While the death of Bobby Gray marked the official end of ranching within Organ Pipe Cactus National Monument, the damage done by decades of grazing left a significant and lasting impact on the landscape and ecology.  Overstocking resulted in soil erosion, reduced density and vigor of plants, as well as the development of cattle trails.  National Park Service soil conservationists reported in 1948 that, “Everything edible and within reach of stock was eaten and the stock were all in poor condition.  The vegetation cannot endure this over utilization and continue to maintain its vigor.”[11]  These problems were most clearly evident in the southern boundary around sources of water such as Gachado Well, Dos Lomitas and Blankenship Ranch.  The Bureau of Land Management (BLM) noted in 1966 that the “most severe use exists around the Blankenship Well, where dead remnants of saltbrush are found.”[12]   A further study was conducted the same year by the BLM, which found that the estimated carrying capacity of the service area was 314 cattle, or one-fifth of the actual number of cattle grazing on the Monument land.[13]  Photographs taken at Gachado Well and Dos Lomitas areas in 1965 as well as a 1970 report on range conditions showed that virtually no plants more than a few inches tall existed, and young plants, when found, were severely hedged.[14]  Where the plant community was in poor condition, surface erosion was accelerated due to the lack of density and cover of vascular plants.  Furthermore, raindrop impact and sheetflow volume were greatly increased in response to the lack of cover from plants.  Erected roads and entrenched cattle trails directed concentrated rain flow, and as a result sheet erosion, rilling, gullying and channeling occurred.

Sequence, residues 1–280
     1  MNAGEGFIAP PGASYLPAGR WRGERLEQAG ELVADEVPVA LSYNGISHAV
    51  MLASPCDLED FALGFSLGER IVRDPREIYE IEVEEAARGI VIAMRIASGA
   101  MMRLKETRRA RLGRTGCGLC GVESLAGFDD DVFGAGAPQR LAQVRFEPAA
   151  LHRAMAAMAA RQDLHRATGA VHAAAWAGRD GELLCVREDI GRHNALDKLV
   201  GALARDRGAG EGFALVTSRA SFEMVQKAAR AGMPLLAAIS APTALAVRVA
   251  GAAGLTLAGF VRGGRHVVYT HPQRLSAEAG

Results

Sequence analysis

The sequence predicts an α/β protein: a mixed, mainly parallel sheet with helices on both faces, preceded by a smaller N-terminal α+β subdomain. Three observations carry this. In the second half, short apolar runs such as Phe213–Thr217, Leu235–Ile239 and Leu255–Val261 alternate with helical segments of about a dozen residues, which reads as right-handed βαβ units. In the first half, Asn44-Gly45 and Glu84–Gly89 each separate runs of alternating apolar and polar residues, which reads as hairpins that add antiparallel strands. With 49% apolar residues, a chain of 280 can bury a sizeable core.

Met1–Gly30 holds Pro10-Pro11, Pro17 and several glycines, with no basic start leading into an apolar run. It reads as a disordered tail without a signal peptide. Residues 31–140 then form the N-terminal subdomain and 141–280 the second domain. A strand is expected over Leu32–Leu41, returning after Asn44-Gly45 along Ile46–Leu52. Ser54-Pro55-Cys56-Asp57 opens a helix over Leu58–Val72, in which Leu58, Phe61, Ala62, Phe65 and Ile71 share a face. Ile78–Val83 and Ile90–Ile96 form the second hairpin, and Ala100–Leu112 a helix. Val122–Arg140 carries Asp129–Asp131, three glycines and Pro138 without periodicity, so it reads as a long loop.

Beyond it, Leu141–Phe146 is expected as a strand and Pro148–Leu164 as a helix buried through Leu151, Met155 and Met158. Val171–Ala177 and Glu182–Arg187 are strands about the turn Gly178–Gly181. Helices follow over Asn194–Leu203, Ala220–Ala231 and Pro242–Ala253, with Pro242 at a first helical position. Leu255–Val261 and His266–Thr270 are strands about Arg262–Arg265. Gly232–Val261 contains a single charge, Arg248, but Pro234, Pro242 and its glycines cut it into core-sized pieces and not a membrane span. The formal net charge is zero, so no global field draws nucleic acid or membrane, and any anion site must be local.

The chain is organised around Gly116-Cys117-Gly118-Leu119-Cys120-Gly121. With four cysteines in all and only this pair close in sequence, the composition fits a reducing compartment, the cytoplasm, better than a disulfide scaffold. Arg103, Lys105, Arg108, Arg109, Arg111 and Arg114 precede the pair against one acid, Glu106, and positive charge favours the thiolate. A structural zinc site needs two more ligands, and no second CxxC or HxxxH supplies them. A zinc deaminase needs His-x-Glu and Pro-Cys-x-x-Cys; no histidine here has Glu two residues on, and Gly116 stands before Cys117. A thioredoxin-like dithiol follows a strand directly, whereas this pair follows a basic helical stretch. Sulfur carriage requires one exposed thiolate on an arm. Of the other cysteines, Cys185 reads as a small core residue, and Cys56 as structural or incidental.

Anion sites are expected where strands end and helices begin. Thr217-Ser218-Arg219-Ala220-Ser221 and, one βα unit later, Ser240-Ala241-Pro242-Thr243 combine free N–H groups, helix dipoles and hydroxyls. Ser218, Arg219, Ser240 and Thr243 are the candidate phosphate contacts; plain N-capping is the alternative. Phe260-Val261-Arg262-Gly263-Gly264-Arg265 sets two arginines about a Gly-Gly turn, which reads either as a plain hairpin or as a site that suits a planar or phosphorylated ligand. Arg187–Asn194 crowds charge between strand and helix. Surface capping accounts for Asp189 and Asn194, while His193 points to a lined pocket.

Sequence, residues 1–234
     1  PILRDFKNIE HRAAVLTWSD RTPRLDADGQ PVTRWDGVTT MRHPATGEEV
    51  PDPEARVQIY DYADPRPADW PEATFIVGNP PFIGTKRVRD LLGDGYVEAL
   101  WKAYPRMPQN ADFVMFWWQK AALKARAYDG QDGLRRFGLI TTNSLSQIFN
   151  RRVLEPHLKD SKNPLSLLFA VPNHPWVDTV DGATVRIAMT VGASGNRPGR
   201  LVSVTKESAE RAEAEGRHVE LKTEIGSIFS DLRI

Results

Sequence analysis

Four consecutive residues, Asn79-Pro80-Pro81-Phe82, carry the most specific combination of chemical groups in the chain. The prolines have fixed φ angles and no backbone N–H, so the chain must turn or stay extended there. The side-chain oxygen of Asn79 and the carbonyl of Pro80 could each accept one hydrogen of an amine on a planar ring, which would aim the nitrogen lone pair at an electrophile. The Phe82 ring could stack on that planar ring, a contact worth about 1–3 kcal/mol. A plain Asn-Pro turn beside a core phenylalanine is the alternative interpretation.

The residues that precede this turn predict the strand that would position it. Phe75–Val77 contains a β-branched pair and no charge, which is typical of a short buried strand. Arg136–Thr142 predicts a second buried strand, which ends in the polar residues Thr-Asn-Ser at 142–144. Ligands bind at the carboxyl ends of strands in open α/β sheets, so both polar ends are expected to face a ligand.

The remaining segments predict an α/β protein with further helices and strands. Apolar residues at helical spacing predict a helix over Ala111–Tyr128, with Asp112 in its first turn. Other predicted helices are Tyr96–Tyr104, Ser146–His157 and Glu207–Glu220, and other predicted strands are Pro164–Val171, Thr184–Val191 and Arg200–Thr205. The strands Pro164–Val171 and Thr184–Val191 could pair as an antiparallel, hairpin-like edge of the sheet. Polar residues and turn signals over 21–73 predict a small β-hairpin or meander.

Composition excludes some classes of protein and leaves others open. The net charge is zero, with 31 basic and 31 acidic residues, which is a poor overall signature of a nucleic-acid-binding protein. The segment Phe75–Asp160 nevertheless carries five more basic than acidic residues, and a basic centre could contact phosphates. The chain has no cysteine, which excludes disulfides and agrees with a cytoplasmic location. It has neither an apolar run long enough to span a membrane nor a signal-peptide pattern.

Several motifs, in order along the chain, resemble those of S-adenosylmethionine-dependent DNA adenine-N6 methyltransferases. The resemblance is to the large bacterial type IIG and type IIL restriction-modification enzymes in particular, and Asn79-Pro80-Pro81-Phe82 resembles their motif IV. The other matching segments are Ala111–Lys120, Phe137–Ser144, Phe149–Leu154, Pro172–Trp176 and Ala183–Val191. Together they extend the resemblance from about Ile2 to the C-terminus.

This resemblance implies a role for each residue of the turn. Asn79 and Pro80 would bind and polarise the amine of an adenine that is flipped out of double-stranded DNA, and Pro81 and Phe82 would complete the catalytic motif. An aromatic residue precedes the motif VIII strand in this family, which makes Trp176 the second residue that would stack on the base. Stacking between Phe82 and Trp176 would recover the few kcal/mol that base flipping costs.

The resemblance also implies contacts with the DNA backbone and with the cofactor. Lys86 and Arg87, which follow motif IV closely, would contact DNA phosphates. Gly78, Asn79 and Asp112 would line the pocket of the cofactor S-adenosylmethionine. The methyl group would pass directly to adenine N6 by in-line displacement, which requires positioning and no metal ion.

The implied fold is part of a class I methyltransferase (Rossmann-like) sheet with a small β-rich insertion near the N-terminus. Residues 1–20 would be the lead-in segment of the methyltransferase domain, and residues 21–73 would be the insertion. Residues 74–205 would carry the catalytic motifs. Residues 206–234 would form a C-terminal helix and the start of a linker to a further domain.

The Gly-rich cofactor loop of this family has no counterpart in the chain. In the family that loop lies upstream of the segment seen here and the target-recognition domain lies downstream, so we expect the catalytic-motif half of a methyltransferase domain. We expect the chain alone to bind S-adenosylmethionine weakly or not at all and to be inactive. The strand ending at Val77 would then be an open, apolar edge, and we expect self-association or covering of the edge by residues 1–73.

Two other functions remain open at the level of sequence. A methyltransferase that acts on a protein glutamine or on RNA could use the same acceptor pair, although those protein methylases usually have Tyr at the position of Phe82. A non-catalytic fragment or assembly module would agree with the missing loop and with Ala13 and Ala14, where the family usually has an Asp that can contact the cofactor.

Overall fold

The extensive ecological damage done to the Organ Pipe Cactus National Monument through years of overgrazing and mismanagement has served to make the Gray family ranching operation one of the most controversial in the history of the park.  However, the official removal of all 1700 cattle from the park in 1975, combined with the final declaration of Organ Pipe as a national wilderness area and restoration efforts carried out by the Soil and Moisture Conservation Program (SMC), has finally provided the fragile desert ecosystem with the opportunity to begin the process of healing itself.


[1] Carol Ann Bassett, Organ Pipe: Life On the Edge (Tucson: University of Arizona Press, 2004), 31.

[2] Ibid., 29

[3] Mr. Elmer C. Coker, to Mr. Hillary A. Tolsen, December 10, 1946, Folder: Grazing, 1946-59, Box 172, Correspondence and Subject Files, 1928-59, RG 79, NARA-MD.

[4] Ibid.

[5] Carol Ann Bassett, Organ Pipe: Life On the Edge., 30

[6] Ibid.

[7] Mr. Elmer C. Coker, to Mr. Hillary A. Tolsen, December 10, 1946, Folder: Grazing, 1946-59, Box 172, Correspondence and Subject Files, 1928-59, RG 79, NARA-MD.

[8] Ibid.

[9] Carol Ann Bassett, Organ Pipe: Life On the Edge, 32.

[10] Ibid.

[11] Susan Rutman, “Dirt Is Not Cheap: Livestock Grazing and a Legacy of Accelerated Soil Erosion On Organ Pipe Cactus National Monument, Arizona” (Arizona State University, Tempe, 1997), 364.

[12] Ibid.

[13] Ibid.

[14] Susan Rutman, “Dirt Is Not Cheap: Livestock Grazing and a Legacy of Accelerated Soil Erosion On Organ Pipe Cactus National Monument, Arizona”, 364 – 365.